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Sparrows, crows, pigeons, lapwings and cuckoos have always graced the trees of my house with their presence since my childhood, with some of the ‘friendly’ culvers occasionally resting on my shoulders or head before resuming their flight, thanks to the abundant cover of more than one hundred trees planted in our garden by my maternal grandfather during his lifetime. 

The visit of these and other winged day-trippers has increased manifold in my garden ever since I went for a two-fold proliferation of my late grandfather’s green legacy, bringing the tally of my leafy friends to more than two hundred.

Now, besides the usual sparrows, pigeons and other birds, the mini-forest that has now come up at what used to be my beloved grandpa’s beautiful garden, is the favorite haunt of rare, migratory birds too, who keep surprising me with their presence, especially during the spring season. 

The most recent visit was by a horde of ‘love birds’ that decided to make a brief halt at my garden to feast on the mulberries growing there. I spotted them early one Sunday morning as I stepped out to pick up the day’s newspaper and inhale the fresh air of the springtime. Their sudden descent at the well-laden mulberry tree just a few steps away left me immensely surprised and thrilled.

They departed as quickly as they came and just as I was thinking of calling my son to come out with his camera to capture the beautiful moment, they were gone, leaving behind a fond memory of their visit. Their brief stopover in my garden reminded me of yet another unexpected visitor, who lured a raucous band of two-legged uninvited, predatory ones into my domain a couple of years ago. 

The monsoons had just set in, and I had taken a day off from work to attend to some urgent personal business. An immense gust of wind that had blown in dark clouds also left behind some unexpected residue that was now perching on one of the one hundred chinaberry trees planted by me. It was a majestic peacock! Not only was it’s long, blue and green train of feathers beautiful beyond description, but also a dead give-away that attracted my neighbours and wayfarers into my patch.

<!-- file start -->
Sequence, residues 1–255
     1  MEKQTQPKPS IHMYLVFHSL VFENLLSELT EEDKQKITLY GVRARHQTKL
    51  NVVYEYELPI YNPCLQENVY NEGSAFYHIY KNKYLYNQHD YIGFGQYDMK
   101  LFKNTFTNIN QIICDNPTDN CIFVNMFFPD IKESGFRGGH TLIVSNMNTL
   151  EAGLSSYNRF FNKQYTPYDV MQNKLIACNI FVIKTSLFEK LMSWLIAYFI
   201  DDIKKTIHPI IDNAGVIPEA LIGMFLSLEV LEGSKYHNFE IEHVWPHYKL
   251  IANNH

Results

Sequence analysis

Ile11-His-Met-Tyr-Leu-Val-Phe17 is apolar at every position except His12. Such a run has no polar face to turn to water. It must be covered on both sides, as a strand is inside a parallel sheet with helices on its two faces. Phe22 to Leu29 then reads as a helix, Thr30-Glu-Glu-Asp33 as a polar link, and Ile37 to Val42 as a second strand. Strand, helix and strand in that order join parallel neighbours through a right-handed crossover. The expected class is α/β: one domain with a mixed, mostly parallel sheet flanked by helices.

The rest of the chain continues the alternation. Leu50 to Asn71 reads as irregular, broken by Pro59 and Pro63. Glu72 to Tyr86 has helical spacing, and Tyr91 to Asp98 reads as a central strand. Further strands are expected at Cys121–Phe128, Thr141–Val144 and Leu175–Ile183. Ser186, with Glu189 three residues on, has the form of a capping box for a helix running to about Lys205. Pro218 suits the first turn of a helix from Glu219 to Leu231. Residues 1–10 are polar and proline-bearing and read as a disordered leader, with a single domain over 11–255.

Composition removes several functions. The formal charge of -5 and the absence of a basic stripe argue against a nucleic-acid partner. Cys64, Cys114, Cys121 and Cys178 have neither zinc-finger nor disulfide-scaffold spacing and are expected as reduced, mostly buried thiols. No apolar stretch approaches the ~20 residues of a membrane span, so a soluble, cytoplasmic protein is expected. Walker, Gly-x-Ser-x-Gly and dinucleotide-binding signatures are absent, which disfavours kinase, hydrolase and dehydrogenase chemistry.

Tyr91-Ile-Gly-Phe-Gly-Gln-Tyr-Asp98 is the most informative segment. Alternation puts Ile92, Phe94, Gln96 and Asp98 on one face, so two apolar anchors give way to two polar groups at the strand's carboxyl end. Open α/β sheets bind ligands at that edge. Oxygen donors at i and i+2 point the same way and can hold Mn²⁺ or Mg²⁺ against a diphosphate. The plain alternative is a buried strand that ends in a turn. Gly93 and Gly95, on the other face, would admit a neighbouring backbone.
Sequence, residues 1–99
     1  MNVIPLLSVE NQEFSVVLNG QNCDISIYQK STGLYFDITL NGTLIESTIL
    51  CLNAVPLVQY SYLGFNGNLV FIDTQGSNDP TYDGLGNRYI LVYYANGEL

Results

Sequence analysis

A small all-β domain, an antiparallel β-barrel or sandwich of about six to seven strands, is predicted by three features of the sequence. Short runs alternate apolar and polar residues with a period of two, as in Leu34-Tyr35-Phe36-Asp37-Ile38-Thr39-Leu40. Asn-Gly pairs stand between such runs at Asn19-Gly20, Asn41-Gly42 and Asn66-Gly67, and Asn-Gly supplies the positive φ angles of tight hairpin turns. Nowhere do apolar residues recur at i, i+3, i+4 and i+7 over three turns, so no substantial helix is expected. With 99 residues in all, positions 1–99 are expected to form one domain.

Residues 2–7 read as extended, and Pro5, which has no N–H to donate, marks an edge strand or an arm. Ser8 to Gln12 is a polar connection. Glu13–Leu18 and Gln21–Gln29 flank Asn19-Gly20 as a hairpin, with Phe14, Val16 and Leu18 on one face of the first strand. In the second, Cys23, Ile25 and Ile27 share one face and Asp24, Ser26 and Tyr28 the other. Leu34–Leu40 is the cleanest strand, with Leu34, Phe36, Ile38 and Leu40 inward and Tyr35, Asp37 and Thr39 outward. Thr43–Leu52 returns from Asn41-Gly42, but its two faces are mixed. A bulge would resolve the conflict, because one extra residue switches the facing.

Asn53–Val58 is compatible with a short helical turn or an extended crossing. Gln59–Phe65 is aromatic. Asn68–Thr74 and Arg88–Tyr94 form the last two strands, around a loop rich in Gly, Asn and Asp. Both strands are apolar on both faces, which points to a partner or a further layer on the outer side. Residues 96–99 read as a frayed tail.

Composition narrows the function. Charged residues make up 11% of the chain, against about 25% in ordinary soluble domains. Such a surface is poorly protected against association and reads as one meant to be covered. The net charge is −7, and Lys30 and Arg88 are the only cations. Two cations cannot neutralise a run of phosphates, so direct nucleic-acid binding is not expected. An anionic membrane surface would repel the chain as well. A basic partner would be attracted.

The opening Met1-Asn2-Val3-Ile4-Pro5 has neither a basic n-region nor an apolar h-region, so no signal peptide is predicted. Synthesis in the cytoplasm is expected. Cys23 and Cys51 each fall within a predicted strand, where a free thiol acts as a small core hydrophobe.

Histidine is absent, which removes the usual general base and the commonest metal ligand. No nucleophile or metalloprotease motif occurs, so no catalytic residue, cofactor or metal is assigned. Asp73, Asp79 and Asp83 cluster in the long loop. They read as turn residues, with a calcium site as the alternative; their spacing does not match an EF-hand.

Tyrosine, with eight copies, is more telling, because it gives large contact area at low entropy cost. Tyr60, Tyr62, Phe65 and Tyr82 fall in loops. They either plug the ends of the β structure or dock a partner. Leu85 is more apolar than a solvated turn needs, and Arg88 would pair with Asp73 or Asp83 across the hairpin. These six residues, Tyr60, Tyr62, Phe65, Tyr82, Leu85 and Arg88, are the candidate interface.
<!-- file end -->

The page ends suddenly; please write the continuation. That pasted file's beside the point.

I could easily overhear whispers of catching it and taking it home. Where had this one come from, remains a mystery till this day, considering the fact that there is no jungle around for miles and peacocks cannot fly long distances. Unaware of the dangers that lay ahead, it sprang to the ground and preened its plume, spreading all its feathers in its usual fan-like fashion, giving us all a chance to savor its natural beauty. 

The human intruders started encircling the endangered bird throwing my son’s and mine plans of capturing it in a camera to the winds. I asked them to leave and leave the bird alone, but the beauty in front of their eyes made them ignore my request. I decided to call the cops as it was my house and the bird was my guest. Nobody had the right to hurt it as long as it was with me. That’s exactly what I did.

However, providence had another plans and ahead of the arrival of the police, another massive gust of wind blew it away just as it was about to be caught. Where did it land this time too remains as much of a mystery as the place from where it had come, but the experience left my son and me with pleasant memories of a lovely being that invoked in me a love for nature and the desire to receive and entertain more visitors of its kind. 

About the author:
Shaheen P. Parshad

Shaheen P. Parshad She holds a master degree in journalism and mass communication. She has worked as a journalist in national English dailies and currently works as a public relations professional.

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